Image analyses—image quality, hemorrhage extent and diagnostic performance

Hemorrhage detection

All image analyses were performed with cvi42 (Circle Cardiovascular Imaging, Calgary, Alberta, Canada) by two expert readers and the results were averaged unless stated otherwise. Remote myocardium was identified as the region absent of hyperintensity on LGE images. MI zone was defined as the region with mean signal intensity (SI) of at least 5 standard deviations (SD) greater than that of a reference region-of-interest (ROI) drawn in remote myocardium [20]. MI zones were identified to be hemorrhagic if there were hypointense cores within MI on the bright-blood T2*-weighted images (TE = 14.5 ms (patients) 14.4 ms (animals) at 1.5 T and 12.7 ms (patients) and 11.5 ms (animals) at 3 T) with a mean signal intensity 2-SD lower than that of the reference ROI in the remote myocardium [7, 13]. A TE of ~ 14 ms at 1.5 T and ~ 12 ms at 3 T were chosen to balance the image contrast and image artifacts based on previous reports [7, 21]. IMH volume determined from each heart based on T2*-weighted images were normalized by the total LV myocardial volume and reported as IMH Extent.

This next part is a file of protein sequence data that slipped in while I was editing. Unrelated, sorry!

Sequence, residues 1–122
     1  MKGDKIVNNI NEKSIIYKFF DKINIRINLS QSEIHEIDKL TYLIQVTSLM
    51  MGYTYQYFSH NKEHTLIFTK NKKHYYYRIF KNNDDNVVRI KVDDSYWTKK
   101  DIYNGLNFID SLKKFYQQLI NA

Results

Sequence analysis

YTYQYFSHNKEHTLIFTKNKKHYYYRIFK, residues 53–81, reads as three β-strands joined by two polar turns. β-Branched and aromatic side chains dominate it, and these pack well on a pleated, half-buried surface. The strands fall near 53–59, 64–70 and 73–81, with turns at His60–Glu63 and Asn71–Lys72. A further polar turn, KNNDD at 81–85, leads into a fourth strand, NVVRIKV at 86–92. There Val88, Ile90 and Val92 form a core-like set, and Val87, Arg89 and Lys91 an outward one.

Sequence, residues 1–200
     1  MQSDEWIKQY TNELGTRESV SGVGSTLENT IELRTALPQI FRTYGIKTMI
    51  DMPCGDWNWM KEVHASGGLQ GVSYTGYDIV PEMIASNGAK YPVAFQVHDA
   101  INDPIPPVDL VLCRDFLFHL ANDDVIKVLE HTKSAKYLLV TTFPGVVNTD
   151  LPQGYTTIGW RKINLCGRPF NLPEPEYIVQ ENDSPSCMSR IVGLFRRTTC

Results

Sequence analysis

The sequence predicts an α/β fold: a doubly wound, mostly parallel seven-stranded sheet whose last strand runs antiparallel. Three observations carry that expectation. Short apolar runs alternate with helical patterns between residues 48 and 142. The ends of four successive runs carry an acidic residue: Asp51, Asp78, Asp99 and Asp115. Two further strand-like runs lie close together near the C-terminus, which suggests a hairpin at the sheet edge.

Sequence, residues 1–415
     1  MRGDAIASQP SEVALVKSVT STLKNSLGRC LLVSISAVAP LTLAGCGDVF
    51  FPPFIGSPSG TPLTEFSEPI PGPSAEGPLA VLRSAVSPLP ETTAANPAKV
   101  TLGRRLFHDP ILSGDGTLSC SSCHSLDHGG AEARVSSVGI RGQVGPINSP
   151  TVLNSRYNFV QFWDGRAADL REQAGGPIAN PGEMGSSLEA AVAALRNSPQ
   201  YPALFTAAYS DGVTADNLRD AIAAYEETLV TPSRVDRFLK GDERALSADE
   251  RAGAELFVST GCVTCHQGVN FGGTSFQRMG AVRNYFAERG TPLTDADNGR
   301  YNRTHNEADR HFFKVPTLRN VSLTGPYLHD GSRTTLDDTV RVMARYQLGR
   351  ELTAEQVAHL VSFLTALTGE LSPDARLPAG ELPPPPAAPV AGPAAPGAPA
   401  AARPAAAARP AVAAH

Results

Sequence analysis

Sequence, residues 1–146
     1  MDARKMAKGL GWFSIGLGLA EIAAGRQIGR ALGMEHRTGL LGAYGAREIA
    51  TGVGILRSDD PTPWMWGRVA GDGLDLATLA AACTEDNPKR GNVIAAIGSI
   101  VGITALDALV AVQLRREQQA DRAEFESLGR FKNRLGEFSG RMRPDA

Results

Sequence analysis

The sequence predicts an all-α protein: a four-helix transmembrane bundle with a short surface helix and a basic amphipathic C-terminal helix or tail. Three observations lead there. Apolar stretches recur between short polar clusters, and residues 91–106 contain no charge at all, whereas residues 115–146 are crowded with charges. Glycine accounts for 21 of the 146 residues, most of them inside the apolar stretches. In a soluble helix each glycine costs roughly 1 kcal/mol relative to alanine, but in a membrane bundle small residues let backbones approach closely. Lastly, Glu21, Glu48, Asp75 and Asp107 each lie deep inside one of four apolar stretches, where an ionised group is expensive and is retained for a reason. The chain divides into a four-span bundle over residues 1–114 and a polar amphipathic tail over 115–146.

Signal characteristics

SI values of IMH regions and remote myocardium determined from T2*-weighted images were used to compute signal-to-noise ratio (SNR), contrast-to-noise ratio (CNR). Relative SNR and Relative CNR were computed and reported as:

$$Relative~SNR~ = ~\frac{{SI\_remote_{{DB}} /\sigma \_air_{{DB}} }}{{SI\_remote_{{BB}} /\sigma \_air_{{BB}} }} \times 100\%$$
(1)
$$Relative~CNR~ = ~\frac{{(SI\_remote_{{DB}} - SI\_IMH_{{DB}} )/\sigma \_air_{{DB}} }}{{(SI\_remote_{{BB}} - SI\_IMH_{{BB}} )/\sigma \_air_{{BB}} }} \times 100\%$$
(2)

where \(SI\_remote\) is the mean intensity of remote myocardium, \(SI\_IMH\) is mean intensity of IMH region and \(\sigma \_air\) is the SD of signal intensity of background air. DB is dark-blood and BB is bright-blood.